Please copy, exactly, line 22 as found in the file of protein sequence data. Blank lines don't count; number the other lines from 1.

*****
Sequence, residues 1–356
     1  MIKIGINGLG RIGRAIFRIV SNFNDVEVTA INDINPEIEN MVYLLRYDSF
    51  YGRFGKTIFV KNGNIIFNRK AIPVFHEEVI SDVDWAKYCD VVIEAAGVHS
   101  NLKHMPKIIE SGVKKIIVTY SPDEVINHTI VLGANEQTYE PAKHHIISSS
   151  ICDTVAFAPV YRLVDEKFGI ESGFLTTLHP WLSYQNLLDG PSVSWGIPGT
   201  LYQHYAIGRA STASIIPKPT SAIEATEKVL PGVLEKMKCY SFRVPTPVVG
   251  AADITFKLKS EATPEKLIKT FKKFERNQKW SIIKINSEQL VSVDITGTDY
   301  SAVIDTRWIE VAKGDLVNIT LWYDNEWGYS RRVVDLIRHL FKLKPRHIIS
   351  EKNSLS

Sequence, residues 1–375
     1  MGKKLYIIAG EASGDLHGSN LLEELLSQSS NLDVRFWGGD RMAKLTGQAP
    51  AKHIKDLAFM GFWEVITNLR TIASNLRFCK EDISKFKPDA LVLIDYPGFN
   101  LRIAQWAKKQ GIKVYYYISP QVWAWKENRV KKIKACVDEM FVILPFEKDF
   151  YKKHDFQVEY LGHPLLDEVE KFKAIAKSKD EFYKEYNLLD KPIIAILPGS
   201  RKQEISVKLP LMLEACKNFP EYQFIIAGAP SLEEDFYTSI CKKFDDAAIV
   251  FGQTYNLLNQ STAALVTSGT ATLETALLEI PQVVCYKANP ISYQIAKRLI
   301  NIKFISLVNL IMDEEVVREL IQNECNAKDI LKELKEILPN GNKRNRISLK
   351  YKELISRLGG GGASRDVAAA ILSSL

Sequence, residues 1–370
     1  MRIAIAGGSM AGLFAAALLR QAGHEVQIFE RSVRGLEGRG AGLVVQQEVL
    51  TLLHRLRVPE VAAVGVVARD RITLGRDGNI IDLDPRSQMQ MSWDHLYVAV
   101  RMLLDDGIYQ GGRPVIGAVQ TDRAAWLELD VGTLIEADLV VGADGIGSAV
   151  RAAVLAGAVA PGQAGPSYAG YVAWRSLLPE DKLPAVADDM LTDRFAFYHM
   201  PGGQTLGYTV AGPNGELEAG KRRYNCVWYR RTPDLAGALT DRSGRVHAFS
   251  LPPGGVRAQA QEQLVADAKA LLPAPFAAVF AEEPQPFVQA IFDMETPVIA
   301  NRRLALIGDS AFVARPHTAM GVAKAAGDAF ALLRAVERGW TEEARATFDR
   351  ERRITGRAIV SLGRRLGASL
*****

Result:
   101  RMLLDDGIYQ GGRPVIGAVQ TDRAAWLELD VGTLIEADLV VGADGIGSAV